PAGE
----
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Laboring the earth, the old-fashioned way, at Domaine du Trapadis. Photo by Jean-Marc.

rêche (resh) adjective
  harsh, rough, abrasive (fabric, wine)
  prickly, cross-grained (difficult-to-deal-with person: un homme rêche)

Additional French definition for rêche, from Le Petit Larousse:
    : "qui est âpre au goût" = that which is tart to the taste

  le drap rêche = crumpled sheet
  le vin rêche = a rough wine
  la voix rêche = raspy voice
  rendre rêche = to roughen

Synonyms in English (and French) include flirty and fun words like scabrous, râpeux (raspy), and cahoteux (bumpy)

Listen to today's word in the following sentence (taken from the French version of today's story): Download reche.mp3 . Download reche.wav

Pas d'essorage rapide et encore moins de sèche-linge pour des tissus pourtant épais et rèches. No quick drying and forget about tumble drying for the thick and coarse fabrics.

A Day in a French Life...
By Kristin Espinasse

Here for you now, the "rêche" or rough translation of Aunt Marie-Françoise's "French Apron of Yesteryear" story. Enjoy!

                                    Grandmother's Apron

These days, now that it is customary--even easy--to do the washing in our modern machines, we have adopted new habits. We no longer need to protect our clothing, in order to get as many consecutive days'  use out of it as possible, and what a pleasure it is to change each morning, even if yesterday's clothes are still impeccably clean.

As for our grandmothers, they had to transport the all-imposing "lessiveuse métallique"* boiler before activating it over the fire! (Or, worse, they had to go to the outdoor community lavoir.* No quick drying and forget about tumble drying for the thick and rêche* fabrics. And so, back then, it was necessary to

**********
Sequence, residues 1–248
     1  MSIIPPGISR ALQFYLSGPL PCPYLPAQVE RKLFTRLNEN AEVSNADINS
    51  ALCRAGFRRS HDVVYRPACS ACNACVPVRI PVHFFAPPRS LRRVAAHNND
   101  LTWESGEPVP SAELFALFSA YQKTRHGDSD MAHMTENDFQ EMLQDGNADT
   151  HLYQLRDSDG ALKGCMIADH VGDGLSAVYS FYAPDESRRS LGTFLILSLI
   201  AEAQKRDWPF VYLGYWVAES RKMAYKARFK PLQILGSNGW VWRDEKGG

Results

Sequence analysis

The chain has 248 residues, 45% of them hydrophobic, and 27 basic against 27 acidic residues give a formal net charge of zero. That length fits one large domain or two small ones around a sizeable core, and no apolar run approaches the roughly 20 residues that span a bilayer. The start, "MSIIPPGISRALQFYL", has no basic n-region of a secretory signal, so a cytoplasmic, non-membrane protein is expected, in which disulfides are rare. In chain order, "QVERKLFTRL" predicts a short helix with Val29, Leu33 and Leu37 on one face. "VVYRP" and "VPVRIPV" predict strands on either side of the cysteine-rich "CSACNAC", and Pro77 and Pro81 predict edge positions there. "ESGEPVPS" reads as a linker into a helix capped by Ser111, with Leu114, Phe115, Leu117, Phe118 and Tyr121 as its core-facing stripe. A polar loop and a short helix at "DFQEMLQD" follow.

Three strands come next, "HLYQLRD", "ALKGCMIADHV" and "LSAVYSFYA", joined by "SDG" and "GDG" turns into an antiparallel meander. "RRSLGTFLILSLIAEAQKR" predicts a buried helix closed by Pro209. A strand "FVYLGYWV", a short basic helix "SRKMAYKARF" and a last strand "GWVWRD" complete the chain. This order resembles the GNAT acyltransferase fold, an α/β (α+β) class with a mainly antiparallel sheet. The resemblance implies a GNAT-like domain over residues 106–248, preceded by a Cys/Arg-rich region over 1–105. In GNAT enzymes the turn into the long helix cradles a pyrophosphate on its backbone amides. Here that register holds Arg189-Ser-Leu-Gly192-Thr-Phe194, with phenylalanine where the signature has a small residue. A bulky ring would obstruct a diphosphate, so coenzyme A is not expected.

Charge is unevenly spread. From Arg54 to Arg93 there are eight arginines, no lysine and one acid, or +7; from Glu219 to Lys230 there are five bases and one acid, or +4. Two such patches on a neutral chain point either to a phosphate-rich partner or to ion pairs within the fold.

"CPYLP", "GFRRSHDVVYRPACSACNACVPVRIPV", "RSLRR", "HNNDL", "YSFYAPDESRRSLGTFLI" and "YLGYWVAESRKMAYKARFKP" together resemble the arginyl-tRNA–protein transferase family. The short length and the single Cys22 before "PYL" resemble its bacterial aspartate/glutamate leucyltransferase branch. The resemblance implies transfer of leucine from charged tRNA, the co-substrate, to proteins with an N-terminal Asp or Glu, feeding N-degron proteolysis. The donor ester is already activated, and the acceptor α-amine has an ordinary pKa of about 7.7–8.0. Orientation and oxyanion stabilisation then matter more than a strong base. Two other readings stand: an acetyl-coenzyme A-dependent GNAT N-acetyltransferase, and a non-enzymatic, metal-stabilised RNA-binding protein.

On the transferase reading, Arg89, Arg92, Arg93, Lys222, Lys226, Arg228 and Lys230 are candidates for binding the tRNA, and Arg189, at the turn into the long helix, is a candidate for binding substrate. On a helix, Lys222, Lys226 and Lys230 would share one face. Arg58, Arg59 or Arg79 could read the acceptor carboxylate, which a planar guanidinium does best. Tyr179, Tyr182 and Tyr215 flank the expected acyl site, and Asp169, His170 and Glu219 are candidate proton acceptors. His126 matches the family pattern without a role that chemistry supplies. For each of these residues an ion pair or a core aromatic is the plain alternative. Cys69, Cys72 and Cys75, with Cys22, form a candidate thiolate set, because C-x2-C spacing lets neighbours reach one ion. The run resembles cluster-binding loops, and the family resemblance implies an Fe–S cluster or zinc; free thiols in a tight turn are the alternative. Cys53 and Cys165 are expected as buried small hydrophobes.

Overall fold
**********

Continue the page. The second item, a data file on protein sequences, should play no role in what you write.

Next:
superimpose protective wear over the clothing that one had prepared to wear... for the week!

For the women, still at home at the time, the protective tablier* was worn all day long. Only outings, church going, or social calling was done without the apron.

This apron of our elders had nothing in common with the cute little curvy and embroidered thing that decorates more than it protects some of today's moms when they cook.

The apron of yesteryear reached around grandmother's great hips, fastened with the help of a large ribbon, and ended level with the dress itself, just above grandma's heels.

And what a variety of uses grandma made with her apron! Folded onto itself, it became a glove for pulling from the oven dinner, or that beautiful apple tart, and carrying them over to the window for cooling. And, whipped before the fire, the apron served as a fan.

As woman, back then, constantly had their hands immersed in cold water, it was necessary to dry them quickly lest they be pained with a cruel chilblain*; just above the pockets, the apron's cloth served as a permanent towel.

When grandmother went to the garden, which, back then, was more a potager,* she returned with one hand tightened around the base of the cloth. Like that, the apron became a great basket permitting her to return time and again with vegetables, dry wood, apples (just fallen from the tree) or, with much
precaution, a collection of fragile (and still warm!) eggs.

When the littlest members of the maisonnée* became intimidated by the arrival of visitors, they ran to hide "dans les jupes" (in the skirts), that is to say: behind this vast drape of cloth. Grandmother took advantage of the occasion to wipe tears and to scrub the dirty (and pretty) little faces, or "frimousses".